”It seems that Covid-19 stays up to 28 days on a surface
– UV can prevent that!”
The second wave of Covid-19 hits Europe, with more infections being registered than for the first wave. Is this due to the lower number of undetected cases, or is the number of infected actually greater now? If the amount of cases are actually higher now, why do the numbers increase?
One reason might be the changing of seasons. Not only is the virus more stable as the temperature drops, activities are moved indoors to a larger extent also. It becomes even more important to ensure a good hand cleaning procedures and disinfection protocols.
Viruses are known to be transferred by aerosols, airborne droplets from a cough, sneeze or similar, but also through contact with contaminated surfaces. Transfer from a contaminated surface can have a transmission efficiency of 33%, both between object and hand, and also for hand to mouth . The surface survivability of a pathogen determines how long a contaminated surface remains a source of infection.
An article from March concluded a surface survivability for SARS CoV-2 of 48-72 h on cardboard, plastic and metal . However, a more recent article, looking at the survival time on bank notes, metal, glass and plastic, concluded that with a higher concentration of SARS CoV-2 (corresponding to the concentration in saliva from infected patients), a surface can remain a source of infection for as long as 28 days in room temperature . The long survival time emphasize the need for effective disinfection procedures to ensure that “high touch” areas such as cash, touch screens and door knobs are safe to use.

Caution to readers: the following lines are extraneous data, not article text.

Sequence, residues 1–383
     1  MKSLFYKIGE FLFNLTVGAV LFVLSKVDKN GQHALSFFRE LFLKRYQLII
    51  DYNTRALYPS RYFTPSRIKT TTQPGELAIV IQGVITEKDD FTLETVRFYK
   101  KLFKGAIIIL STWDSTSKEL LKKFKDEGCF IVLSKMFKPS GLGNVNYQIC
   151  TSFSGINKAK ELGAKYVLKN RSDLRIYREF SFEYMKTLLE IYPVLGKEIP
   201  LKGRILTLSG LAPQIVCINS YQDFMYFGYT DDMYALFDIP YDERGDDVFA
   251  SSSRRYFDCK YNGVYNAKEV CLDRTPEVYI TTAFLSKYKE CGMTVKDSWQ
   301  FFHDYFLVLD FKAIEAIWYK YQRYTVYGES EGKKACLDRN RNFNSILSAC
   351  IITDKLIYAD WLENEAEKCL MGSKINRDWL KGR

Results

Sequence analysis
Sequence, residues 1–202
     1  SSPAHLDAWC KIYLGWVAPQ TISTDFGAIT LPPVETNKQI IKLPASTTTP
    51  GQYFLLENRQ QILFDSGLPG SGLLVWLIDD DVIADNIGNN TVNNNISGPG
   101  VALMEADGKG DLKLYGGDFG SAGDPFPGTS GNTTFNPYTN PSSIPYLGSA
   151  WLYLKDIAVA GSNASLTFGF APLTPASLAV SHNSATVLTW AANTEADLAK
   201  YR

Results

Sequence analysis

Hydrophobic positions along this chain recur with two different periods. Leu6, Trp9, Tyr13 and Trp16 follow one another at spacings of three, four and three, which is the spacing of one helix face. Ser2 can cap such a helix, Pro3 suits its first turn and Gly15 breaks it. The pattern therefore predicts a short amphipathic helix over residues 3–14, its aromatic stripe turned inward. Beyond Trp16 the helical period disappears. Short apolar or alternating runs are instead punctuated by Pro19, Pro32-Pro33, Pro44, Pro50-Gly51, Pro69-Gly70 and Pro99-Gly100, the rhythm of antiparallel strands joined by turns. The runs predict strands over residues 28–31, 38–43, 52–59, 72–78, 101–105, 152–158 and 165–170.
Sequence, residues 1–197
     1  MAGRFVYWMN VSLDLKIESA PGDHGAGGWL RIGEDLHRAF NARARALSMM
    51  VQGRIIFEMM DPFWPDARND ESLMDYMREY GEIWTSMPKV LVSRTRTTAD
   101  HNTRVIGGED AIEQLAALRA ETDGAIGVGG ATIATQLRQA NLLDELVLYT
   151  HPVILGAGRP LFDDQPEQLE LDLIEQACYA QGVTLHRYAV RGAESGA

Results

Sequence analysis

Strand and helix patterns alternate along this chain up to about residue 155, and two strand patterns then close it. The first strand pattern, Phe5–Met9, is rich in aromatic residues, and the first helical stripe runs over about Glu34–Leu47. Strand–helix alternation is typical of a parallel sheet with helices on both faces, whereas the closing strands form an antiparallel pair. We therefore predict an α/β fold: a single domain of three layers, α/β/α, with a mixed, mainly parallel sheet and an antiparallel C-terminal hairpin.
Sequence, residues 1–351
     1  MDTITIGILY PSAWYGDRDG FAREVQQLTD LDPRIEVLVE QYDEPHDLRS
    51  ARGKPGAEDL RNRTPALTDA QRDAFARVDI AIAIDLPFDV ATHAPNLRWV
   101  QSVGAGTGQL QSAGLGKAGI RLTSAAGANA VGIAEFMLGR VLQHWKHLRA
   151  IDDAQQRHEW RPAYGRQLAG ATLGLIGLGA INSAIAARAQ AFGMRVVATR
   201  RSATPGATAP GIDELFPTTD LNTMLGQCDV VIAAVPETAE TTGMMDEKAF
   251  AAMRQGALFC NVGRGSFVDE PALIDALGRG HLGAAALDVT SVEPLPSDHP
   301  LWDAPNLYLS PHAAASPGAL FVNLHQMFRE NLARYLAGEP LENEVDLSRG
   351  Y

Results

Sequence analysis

EFSEN has a wide range of UVC products for surface disinfection, that can be used to efficiently disinfect surfaces. If you are interested in the technology or any of our products, please do consult our expertise in the area at firstname.lastname@example.org
 P. Rusin, S. Maxwell, and C. Gerba, ‘Comparative surface-to-hand and fingertip-to-mouth transfer efficiency of gram-positive bacteria, gram-negative bacteria, and phage’, J Appl Microbiol, vol. 93, no. 4, pp. 585–592, Oct. 2002.
 N. van Doremalen et al., “Aerosol and Surface Stability of SARS-CoV-2 as Compared with SARS-CoV-1,” New England Journal of Medicine, Mar. 2020.
 S. Riddell, S. Goldie, A. Hill, D. Eagles, and T. W. Drew, ‘The effect of temperature on persistence of SARS-CoV-2 on common surfaces’, Virol J, vol. 17, no. 1, Oct. 2020.
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